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Gellir lawrlwytho cynnwys at ddefnydd anfasnachol, megis defnydd personol neu ar gyfer adnoddau addysgol.
Ar gyfer defnydd masnachol cysyllwch yn uniongyrchol gyda deilydd yr hawlfraint os gwelwch yn dda.
Darllenwch fwy am y Drwydded Archif Greadigol.

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Disgrifiad

A small white invitation card with black printed text. The invitation is from ‘The Variety Club of Great Britain’ inviting Councillor I. W. Evans to a formal dinner ‘in honour of Michael Sobell’ to mark the opening of the Michael Sobell Sports Centre. The dinner was arranged for Monday 9 November 1970 at the Angel Hotel, Cardiff.

Michael Sobell was a British businessman and philanthropist. He was born in Galicia into a Jewish family. His family owned factories in the Austro-Hungarian empire. The family moved to England in 1903 in order to escape antisemitism. Sobell made a career as a pioneer in electronics through his Radio and Allied Industries Ltd. In 1961, his company merged with The General Electric Company (GEC), making the family GEC’s largest shareholders.

As Michael Sobell’s business flourished, he became involved in educational and other institutions that advanced science. He also set up the Anne and Michael Sobell Trust, which provided financial support to a variety of benevolent causes including medical, educational and fitness endeavours. As a result of this the Michael Sobell Sports centre in Aberdare was built. Michael Sobell gave a donation of £366,000 to Aberdare Urban District Council. The Sports Centre was opened in 1970 by HRH the Prince of Wales and Michael Sobell.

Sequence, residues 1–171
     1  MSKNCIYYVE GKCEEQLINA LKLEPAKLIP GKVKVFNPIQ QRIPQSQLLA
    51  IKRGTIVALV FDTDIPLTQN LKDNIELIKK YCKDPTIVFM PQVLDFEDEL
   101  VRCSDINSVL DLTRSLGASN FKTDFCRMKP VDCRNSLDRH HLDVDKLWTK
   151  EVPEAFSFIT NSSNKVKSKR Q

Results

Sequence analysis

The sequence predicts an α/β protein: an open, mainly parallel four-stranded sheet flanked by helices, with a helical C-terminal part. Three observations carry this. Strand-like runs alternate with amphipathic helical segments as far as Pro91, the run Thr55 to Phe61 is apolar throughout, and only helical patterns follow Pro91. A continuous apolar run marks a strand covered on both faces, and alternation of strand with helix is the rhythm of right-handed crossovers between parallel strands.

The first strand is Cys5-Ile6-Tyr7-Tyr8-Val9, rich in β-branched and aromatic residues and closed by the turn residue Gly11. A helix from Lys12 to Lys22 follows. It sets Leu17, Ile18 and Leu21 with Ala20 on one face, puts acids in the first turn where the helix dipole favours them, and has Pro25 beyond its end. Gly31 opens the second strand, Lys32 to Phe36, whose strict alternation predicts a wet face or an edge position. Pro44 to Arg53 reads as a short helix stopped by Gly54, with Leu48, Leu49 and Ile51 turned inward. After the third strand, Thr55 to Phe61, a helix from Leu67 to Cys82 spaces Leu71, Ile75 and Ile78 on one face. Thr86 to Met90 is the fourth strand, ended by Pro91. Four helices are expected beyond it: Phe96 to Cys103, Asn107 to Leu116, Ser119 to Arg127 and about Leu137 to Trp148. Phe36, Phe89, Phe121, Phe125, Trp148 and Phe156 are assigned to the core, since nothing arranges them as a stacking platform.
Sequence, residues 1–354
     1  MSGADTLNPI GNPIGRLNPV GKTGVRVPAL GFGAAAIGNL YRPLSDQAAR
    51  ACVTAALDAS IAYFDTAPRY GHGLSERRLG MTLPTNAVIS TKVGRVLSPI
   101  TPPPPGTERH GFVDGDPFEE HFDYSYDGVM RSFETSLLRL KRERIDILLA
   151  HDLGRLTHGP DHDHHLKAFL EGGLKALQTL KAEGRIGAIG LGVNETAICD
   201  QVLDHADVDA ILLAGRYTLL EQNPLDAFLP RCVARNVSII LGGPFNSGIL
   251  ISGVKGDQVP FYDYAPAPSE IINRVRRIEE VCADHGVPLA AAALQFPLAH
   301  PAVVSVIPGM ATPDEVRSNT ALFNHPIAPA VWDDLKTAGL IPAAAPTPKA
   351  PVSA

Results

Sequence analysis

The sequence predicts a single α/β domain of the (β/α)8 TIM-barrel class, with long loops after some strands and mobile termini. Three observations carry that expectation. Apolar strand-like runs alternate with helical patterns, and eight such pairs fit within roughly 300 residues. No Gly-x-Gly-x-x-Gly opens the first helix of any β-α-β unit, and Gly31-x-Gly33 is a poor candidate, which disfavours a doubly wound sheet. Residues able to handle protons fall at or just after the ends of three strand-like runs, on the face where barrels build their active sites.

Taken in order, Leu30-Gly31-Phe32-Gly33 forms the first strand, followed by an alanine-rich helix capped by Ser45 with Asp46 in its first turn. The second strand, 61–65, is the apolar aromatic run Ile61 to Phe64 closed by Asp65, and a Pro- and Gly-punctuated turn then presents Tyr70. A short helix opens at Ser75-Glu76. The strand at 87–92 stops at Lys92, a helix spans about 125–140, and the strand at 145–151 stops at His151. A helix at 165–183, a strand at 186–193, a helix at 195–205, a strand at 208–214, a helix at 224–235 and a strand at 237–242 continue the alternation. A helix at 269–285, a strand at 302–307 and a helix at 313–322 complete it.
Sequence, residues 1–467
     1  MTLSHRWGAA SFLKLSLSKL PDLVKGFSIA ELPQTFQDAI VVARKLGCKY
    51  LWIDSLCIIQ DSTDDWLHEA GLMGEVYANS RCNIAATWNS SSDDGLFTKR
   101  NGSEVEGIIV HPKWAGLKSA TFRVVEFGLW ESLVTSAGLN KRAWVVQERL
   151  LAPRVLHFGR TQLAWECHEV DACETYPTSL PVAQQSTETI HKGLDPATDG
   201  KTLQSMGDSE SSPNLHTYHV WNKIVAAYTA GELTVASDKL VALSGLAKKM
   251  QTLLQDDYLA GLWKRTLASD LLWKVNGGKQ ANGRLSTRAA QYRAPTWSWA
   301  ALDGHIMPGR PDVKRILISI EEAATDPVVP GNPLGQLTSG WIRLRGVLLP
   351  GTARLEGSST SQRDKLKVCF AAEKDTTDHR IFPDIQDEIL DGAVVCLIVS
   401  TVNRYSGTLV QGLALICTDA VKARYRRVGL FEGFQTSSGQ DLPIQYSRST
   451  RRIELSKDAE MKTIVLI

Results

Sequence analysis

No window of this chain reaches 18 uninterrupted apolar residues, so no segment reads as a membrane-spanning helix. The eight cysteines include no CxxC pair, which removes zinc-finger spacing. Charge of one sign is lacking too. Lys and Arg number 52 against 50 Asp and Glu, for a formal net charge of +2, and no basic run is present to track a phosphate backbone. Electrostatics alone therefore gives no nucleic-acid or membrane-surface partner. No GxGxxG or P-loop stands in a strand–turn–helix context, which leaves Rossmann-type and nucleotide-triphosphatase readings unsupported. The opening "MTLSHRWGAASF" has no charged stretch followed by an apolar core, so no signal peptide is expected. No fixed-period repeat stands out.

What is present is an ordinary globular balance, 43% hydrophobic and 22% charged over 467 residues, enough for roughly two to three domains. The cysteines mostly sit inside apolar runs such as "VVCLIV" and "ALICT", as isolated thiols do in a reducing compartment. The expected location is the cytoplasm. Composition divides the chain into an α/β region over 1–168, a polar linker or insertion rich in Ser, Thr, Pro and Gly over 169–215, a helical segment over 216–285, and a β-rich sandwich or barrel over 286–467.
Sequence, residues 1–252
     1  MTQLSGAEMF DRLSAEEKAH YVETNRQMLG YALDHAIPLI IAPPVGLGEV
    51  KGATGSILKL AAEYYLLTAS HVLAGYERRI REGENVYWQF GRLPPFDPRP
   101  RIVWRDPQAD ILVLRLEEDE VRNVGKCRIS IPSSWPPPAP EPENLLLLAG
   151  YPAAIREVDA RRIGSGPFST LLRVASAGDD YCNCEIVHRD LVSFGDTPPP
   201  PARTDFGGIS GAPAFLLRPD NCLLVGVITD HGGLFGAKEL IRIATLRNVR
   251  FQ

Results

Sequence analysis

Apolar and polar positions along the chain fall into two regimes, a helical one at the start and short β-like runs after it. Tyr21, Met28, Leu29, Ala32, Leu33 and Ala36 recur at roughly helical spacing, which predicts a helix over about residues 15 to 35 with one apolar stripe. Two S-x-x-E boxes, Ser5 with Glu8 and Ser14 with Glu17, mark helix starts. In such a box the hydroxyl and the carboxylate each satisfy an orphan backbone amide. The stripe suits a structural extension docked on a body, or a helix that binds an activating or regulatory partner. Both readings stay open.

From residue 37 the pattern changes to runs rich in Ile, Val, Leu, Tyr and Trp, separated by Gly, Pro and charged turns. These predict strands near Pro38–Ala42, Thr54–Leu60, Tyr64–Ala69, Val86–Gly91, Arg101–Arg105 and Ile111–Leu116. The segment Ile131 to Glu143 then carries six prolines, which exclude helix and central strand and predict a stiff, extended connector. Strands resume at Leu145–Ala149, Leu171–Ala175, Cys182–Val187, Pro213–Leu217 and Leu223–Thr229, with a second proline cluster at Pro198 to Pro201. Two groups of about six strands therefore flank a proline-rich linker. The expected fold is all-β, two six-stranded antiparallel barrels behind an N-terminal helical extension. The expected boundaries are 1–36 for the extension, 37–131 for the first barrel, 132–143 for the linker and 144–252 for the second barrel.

At the turn of the 20th century, the Cynon Valley had a small Jewish community, consisting of some fifty families throughout the towns of Abercynon, Penrhiwceiber, Mountain Ash, Aberaman and Aberdare. Most of Jewish families came to Aberdare from Eastern Europe, mainly Russia. The earliest record of Jewish presence and activity in the Cynon Valley dates to 1858-9. The name of Harris Freedman and the partnership of Lyons and Hyman are listed as trading as pawnbrokers and general dealers in Aberdare.

Initially the Jewish community worshipped in individuals' homes or business premises but in 1887 David Hart allowed the use of his premises at 19a Seymour Street, Aberdare, as a permanent Synagogue. The Aberdare Hebrew congregation was at its largest, with around 90 members, from the 1910s to the 1930s. However, the community declined and services had virtually ceased by 1957, when the congregation was down to 35. In 1966 it was reported that services were no longer held there. The building, now a private residence again, received a blue commemorative plaque in 2015.

Depository: Cynon Valley Museum: ACVMS 2009 124

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